While we use a slew of different valuation techniques, we tend to prefer the Cyclically-Adjusted Price-to-Earnings (CAPE) Ratio as devised by Nobel Prize winning economist and Yale professor Robert Shiller. The ratio adjusts for inflation and as importantly, uses ten years of earnings data to derive a price to earnings ratio that encompasses business cycles. Shiller’s approach eliminates short-term noise that tends to make the more popular one-year trailing price-to-earnings ratio erratic and potentially misleading.
Currently, the CAPE on the S&P 500 is 33.41. Looking back as far as 1871, today’s valuation has only been exceeded by a brief period in the late 1990’s. To help link return expectations and CAPE valuations we plot below every historical monthly instance of CAPE to the respective forward ten-year returns. Each of the 1,525 dots represents the intersection of CAPE and the ten year total return that followed since 1871.
Data Courtesy: Robert Shiller
Apples or Oranges
While the analysis is telling, investors should compare the returns versus those from a ten-year U.S. Treasury note to determine whether the returns on stocks adequately compensated investors for the additional risk.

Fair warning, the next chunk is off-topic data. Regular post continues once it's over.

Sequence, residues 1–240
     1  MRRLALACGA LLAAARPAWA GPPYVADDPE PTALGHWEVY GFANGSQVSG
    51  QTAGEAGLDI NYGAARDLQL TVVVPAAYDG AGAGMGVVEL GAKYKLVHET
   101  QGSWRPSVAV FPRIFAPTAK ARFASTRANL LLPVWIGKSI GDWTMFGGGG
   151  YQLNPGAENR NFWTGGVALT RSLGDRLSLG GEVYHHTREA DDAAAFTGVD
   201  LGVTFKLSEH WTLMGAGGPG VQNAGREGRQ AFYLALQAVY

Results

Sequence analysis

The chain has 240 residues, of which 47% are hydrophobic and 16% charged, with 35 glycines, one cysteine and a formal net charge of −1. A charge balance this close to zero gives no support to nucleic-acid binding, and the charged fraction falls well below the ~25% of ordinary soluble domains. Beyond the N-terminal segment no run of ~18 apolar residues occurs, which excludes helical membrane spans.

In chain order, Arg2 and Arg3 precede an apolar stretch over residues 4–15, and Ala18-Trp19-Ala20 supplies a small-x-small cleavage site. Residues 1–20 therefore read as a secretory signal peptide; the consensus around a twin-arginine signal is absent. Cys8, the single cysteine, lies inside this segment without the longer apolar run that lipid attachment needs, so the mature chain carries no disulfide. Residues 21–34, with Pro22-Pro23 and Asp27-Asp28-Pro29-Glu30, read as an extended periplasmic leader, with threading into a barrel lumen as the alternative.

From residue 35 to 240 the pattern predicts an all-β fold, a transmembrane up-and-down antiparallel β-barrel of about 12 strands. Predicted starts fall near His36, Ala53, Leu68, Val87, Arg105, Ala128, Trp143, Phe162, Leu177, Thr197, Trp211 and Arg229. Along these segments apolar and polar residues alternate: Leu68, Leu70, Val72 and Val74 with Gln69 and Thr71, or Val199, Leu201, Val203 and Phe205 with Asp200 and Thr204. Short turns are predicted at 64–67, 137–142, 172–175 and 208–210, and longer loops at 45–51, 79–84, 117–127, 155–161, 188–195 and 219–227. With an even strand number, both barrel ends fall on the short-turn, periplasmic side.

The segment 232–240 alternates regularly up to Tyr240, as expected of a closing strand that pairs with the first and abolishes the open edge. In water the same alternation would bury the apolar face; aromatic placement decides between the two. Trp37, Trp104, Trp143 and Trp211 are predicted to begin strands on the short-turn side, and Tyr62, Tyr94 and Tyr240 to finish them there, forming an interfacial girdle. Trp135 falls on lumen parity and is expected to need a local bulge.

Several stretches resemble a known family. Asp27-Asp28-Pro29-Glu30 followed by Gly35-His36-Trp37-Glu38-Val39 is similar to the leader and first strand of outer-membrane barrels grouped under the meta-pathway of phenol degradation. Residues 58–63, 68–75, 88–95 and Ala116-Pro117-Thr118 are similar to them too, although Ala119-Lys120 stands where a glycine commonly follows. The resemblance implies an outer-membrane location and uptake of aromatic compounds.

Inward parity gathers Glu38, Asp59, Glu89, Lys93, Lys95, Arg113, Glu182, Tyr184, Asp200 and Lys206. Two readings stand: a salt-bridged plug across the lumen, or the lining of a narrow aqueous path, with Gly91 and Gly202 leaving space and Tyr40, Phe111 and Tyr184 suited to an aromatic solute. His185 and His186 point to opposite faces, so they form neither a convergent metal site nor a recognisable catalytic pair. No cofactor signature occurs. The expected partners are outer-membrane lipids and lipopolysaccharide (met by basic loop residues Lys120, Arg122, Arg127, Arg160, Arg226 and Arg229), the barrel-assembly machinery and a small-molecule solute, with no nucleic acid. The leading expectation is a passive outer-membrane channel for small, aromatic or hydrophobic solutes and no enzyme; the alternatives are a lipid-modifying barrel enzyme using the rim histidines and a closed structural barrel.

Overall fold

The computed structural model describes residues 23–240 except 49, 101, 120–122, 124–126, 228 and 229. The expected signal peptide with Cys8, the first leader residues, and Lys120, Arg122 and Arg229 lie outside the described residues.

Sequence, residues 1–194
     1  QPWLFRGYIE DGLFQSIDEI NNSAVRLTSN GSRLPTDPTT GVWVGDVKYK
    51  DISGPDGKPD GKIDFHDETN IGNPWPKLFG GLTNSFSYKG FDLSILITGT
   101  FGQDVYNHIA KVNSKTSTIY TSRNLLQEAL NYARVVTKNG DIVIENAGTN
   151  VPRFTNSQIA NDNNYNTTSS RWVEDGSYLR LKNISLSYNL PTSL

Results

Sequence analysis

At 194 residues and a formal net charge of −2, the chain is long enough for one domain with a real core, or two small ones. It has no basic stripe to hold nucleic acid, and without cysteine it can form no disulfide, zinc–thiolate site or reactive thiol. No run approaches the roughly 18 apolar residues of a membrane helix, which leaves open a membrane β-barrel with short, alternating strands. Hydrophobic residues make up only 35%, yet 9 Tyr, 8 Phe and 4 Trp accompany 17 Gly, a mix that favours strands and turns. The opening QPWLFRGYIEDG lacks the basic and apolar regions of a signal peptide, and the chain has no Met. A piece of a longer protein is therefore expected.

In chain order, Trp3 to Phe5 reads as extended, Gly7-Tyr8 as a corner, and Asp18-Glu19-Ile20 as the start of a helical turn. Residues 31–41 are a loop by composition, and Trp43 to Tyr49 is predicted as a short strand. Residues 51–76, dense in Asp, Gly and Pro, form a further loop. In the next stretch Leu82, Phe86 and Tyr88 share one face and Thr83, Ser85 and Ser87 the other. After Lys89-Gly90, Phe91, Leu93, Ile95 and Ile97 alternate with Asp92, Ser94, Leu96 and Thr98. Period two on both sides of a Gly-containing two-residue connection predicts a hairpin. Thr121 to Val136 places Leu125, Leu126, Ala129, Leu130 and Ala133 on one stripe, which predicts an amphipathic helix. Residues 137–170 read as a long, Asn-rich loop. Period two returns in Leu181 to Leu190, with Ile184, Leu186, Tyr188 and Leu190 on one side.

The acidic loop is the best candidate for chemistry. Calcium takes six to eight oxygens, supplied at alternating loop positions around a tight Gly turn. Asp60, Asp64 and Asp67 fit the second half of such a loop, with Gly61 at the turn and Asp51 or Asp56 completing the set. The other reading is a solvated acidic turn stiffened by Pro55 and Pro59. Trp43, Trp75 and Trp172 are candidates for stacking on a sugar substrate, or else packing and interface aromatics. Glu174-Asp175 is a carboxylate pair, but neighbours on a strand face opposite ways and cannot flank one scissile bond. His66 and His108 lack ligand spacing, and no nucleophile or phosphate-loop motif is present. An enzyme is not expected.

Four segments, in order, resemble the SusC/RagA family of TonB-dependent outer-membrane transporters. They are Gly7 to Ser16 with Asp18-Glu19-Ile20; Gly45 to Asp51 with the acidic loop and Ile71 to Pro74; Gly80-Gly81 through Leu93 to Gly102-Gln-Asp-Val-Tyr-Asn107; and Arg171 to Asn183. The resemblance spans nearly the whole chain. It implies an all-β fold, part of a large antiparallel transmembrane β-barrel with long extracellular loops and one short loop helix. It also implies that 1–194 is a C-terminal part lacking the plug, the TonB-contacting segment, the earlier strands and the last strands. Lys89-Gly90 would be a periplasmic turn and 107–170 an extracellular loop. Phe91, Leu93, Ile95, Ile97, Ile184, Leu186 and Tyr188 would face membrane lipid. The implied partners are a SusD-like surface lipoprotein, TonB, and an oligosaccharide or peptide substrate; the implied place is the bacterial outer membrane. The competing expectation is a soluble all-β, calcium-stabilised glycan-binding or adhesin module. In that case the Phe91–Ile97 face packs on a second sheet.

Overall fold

The graph below shows the returns above minus the prevailing ten-year U.S. Treasury note. Essentially, the graph shows the excess or shortfall of the returns provided by stocks versus those of ten-year Treasury Notes in the ten years following each monthly CAPE instance. Negative returns indicate the 10-year Treasury yield exceeded the 10-year total return on stocks.
Data Courtesy: Robert Shiller
To better highlight the data and put a finer point on current prospects, consider the bar chart below.
Data Courtesy: Robert Shiller
The chart above aggregates the data from the prior chart into ranges of CAPE as shown on the x-axis. It also displays the mean, maximum and minimum of the excess ten year returns of stocks at the various CAPE ranges. This information can be used to create expectations for future performance given a stated CAPE.
With the current CAPE at 33.41 as circled, investors should expect an annualized excess return for ten years of -2.04%. Based on historical data which includes 32 full business cycles dating back to 1871, the best excess return experienced for all instances of CAPE over 30 is 0.39%. Over this 147 year period, there have been 57 monthly instances in which the CAPE was above 30. Only four of these instances provided an excess return over Treasuries and the average was a paltry twenty basis points or 0.20%.
Call us cynical, but the prospect of equity market excess returns for the next ten years measuring in the fractions of a percent is not nearly enough compensation for the distinct possibility of underperforming a risk-free asset for ten years.
History, analytical rigor and logic all argue in favor of shifting one’s allocations away from stocks. Investors have no doubt become accustomed to the easy gains provided by equity markets over the past ten years, and old habits are hard to break but we know valuations to be mean-reverting. Given current extremes, this comparison offers compelling evidence that compounding wealth most effectively depends on breaking that habit.